For some endangered rhinos, a 1,000-mile road to rescue from poachers starts with a helicopter ride — hanging upside down, blindfolded and sedated. That might sound uncomfortable, but experts say it’s actually easier on the massive mammals than other means.
Plus, it’s a quick way to pluck them to safety at a time when poaching for rhino horns is rampant. In South Africa alone, 341 have been killed so far this year, up from 333 for all of 2010.
The upside-down helicopter rides are provided by a project between the conservation group WWF and local government agencies in South Africa.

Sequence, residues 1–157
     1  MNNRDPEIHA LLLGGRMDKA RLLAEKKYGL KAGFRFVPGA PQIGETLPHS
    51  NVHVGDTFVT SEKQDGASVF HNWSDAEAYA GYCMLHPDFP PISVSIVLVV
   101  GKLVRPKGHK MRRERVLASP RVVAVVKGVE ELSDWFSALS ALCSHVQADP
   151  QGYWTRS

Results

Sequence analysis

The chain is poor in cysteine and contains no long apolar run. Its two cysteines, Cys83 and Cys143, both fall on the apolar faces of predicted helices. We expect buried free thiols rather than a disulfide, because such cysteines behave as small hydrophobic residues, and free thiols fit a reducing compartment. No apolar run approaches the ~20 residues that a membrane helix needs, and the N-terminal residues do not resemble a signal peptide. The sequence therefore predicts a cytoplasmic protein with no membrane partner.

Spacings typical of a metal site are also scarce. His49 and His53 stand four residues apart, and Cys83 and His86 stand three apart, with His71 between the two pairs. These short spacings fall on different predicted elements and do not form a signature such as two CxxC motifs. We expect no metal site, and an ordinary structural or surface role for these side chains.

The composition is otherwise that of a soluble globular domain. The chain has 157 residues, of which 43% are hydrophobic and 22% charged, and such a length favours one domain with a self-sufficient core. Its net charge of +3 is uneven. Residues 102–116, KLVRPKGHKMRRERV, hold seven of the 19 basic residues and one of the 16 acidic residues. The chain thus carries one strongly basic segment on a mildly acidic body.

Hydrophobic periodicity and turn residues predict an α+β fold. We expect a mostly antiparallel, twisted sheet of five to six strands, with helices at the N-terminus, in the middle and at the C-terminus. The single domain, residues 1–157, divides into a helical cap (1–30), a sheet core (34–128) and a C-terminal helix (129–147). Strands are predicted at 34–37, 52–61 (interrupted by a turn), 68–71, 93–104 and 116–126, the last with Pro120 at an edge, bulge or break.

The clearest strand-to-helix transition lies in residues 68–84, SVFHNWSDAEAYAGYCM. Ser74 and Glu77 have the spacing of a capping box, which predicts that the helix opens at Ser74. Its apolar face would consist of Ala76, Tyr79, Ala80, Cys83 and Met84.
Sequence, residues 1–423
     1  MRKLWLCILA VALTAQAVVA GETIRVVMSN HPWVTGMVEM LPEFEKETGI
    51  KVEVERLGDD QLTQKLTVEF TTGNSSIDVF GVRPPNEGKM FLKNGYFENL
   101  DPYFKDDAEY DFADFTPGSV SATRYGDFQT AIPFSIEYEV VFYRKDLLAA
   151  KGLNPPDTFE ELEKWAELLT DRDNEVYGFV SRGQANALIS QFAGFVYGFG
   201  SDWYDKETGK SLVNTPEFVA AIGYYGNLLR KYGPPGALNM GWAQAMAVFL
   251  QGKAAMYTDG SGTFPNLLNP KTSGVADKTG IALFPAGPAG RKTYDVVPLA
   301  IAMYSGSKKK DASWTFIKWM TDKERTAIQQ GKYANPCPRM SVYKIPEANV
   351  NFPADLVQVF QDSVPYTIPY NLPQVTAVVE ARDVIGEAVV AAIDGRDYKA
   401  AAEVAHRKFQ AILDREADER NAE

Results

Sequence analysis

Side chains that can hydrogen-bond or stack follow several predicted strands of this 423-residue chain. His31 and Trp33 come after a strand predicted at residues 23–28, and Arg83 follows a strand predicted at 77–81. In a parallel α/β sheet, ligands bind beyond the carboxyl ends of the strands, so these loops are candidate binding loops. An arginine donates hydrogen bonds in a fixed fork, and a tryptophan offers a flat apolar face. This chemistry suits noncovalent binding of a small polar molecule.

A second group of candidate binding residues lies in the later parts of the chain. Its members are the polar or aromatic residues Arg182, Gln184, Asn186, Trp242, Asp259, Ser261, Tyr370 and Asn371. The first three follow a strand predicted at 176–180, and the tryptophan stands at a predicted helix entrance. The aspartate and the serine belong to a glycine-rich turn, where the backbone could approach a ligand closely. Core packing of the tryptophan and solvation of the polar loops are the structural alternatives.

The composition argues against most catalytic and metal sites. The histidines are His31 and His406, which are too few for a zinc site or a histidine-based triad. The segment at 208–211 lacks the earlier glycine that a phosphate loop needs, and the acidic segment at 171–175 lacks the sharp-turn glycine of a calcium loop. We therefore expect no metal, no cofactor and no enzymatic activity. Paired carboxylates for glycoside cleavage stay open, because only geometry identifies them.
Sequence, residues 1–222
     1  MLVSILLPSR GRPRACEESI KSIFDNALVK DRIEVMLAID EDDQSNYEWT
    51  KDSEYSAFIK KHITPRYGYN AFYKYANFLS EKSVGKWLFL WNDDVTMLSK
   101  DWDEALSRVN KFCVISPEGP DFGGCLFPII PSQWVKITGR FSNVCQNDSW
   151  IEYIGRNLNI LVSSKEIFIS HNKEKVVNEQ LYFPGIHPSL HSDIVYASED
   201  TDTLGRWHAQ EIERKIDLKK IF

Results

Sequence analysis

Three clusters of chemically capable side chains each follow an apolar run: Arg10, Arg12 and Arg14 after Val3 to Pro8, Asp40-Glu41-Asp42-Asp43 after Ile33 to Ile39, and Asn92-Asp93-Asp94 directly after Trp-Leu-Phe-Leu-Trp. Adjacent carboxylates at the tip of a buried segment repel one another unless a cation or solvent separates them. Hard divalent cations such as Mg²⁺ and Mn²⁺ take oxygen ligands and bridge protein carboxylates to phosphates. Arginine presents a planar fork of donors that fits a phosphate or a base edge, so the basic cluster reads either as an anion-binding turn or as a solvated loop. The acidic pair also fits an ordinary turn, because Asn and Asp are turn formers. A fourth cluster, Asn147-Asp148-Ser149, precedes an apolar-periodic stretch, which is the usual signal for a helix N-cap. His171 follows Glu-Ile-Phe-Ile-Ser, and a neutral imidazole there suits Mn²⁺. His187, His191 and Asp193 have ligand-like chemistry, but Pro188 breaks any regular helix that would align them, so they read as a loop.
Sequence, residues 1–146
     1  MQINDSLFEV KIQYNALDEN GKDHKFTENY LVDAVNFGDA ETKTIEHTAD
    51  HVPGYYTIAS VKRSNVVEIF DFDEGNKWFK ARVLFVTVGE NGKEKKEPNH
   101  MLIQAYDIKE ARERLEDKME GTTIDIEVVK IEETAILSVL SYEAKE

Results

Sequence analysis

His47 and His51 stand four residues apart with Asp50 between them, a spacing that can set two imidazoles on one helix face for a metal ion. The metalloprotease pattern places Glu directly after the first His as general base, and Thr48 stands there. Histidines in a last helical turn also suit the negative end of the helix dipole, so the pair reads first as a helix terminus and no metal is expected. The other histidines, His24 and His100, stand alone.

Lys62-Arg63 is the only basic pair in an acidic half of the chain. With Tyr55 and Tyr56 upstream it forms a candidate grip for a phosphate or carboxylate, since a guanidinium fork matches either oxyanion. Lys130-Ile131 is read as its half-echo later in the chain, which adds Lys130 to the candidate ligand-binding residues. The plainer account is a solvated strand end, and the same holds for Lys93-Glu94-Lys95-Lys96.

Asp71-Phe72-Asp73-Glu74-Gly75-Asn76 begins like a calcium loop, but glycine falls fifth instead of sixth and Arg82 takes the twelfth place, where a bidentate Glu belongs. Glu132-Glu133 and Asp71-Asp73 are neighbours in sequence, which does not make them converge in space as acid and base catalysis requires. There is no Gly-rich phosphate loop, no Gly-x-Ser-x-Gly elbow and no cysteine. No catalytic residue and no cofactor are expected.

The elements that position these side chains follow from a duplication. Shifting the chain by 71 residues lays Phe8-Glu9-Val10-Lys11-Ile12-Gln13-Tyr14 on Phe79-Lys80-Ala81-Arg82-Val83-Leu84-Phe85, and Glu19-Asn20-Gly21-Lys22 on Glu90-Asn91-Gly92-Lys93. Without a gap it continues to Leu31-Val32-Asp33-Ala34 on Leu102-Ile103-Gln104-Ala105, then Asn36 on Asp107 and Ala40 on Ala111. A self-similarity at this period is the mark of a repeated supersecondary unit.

Veterinarians prepare rhino for flight . In South Africa this year poachers killed already 341 rhinoceros in 2010 – 333 rhinos.
Rhino entered a sleeping pill, so they are tied in this way and sent a helicopter. The flight lasted 10 minutes. During this time the animal was transported 160 km in the Limpopo Province. (WWF)
Thus Humane Society transported 19 rhinos from the brink of extinction. (WWF)
Experts from the International Wildlife Fund believe that this method of transportation is much easier and safer than any other. Thus the animal does not have to shiver in the box on rough roads or fly in an awkward grid that could harm him. (WWF)
Rhinos have long been in danger. Their number is rapidly declining. Last month in Vietnam – the largest consumer of rhino horn – confirmed the extinction of the Javan species. This problem has hung over Africa and South Asia. In the photo: Jacques vet checks Flemish rhino, which is transported in a truck. (WWF)